November 1’st 2004 was just a normal evening for Anthony Richards. After teaching his class at Essex Community college he walked towards his van like any other evening looking forward to dinner with his family. But just as he reached his vehicle, a mugger jumped out from behind the van, pointed a gun at the teacher and demanded he open all the doors to the van.
“I didn’t notice anything strange,” Richards said. “I did notice the someone walking on the opposite sidewalk going in the same direction as me but that was not out of the ordinary. The strange thing, in hindsight, is that he just disappeared after a while.”
What the mugger did not know was that Anthony Richards is a brown belt in the Japanese marital art of Shotokan and has dabbled in various other martial arts such as Krav Maga, Tae Kwon Do, Judo, Jujitsu and Aikido. In all those arts Richards focused on techniques that would work in situations such as this one. Another very important tenant in those arts is staying calm.
“I was initially very scared. I think everyone facing sudden death gets scared,” Richards said. “However I knew I had to conquer the fear very, very quickly before it paralyzed me so it lasted just two seconds.”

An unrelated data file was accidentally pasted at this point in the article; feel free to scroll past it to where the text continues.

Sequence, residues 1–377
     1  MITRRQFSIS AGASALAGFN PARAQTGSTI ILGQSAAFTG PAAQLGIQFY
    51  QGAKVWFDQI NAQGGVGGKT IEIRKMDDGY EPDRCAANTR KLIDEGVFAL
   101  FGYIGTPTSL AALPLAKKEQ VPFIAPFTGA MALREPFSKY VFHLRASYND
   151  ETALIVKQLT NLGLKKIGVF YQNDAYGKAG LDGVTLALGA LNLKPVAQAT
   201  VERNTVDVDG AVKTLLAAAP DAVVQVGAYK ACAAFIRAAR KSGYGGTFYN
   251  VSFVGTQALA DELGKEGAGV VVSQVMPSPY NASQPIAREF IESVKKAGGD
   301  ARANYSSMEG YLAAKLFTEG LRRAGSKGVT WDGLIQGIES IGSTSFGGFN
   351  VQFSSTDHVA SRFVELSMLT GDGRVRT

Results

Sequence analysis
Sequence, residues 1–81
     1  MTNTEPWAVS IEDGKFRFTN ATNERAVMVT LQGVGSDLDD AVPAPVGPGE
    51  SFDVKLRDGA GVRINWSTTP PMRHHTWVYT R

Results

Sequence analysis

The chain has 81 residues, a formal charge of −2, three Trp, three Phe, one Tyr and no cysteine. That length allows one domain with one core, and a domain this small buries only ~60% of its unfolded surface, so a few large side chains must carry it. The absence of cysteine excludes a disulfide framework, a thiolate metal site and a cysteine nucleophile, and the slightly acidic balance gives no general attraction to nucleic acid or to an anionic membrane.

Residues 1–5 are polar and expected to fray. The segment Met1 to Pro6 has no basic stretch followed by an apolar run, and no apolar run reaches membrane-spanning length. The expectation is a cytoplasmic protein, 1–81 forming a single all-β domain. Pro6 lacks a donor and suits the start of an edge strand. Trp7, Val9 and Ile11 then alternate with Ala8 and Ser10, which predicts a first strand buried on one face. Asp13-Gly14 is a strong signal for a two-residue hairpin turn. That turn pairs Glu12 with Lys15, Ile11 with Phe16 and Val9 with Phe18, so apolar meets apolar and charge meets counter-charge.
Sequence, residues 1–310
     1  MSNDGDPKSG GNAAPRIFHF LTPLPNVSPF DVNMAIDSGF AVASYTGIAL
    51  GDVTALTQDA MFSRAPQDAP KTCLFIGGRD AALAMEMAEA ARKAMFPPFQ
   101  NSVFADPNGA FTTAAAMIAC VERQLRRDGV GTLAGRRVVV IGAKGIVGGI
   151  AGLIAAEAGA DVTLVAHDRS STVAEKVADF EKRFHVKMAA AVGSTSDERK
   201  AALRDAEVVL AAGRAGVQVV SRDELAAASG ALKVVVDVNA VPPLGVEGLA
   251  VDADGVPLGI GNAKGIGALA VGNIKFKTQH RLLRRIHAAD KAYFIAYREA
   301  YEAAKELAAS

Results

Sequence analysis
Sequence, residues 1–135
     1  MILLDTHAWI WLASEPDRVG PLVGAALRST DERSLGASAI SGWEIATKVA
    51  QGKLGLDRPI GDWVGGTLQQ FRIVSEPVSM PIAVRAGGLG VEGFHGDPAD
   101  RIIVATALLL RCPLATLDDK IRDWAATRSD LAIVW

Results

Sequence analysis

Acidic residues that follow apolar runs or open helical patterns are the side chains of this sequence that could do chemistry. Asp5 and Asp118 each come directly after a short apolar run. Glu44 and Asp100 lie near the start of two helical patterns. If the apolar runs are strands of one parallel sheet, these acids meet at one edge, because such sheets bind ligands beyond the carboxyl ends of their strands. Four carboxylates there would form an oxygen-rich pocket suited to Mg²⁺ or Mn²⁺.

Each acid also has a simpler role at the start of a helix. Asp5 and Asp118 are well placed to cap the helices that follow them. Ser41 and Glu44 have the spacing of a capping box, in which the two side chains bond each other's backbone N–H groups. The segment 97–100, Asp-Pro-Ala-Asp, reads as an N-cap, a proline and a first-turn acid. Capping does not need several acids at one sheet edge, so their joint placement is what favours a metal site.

Richards complied with the mugger and opened the van doors so he could enter. The mugger chose the passenger seat, stuck the gun into Richards’ ribs and told the teacher to drive to an ATM. Richards fastened his seat belt and drove. He had the mugger exactly where he wanted him.
“It would have been fruitless and fatal to resist immediately because he was five feet away,” he said.“I knew I had to device the mugger, lure him into a false sense of confidence. I had him where I wanted him, it is extremely easy to disarm a gun directly against your body.”
Richards drove the van without protest until he reached a red-light. The light turned green and he saw the mugger relax, the moment he had been waiting for. The teacher sprang into action. Moving faster than he thought possible Richards applied a writs lock, a basic Jujitsu technique and kept a hand firm on the cylinder of the gun to prevent it from firing.
“He had a choice to suffer a broken wrist or release the gun. He chose the latter. The moment he let go I pushed him out of the van. Note it was still moving.”
The mugger rose and tried to enter the vehicle again, only to be brought down with a sidekick to his throat by the teacher. Richards pointed the gun at the mugger and warned him not to move. The teacher pulled out his phone to call the authorities but the excitement of the moment prevented him from operating it correctly, allowing the mugger to escape.
“It’s really scary to think about what could have happened,” Mario Richards, Anthony’s oldest son said. “He very easily could have died that day.”
“There’s no one to thank really but God,” Marilyn Richards, his wife, said. “He was with him that day.”
The mugger was not captured but Mr. Richards is not worried.
“I think he learned his lesson that evening,” he said with a smile.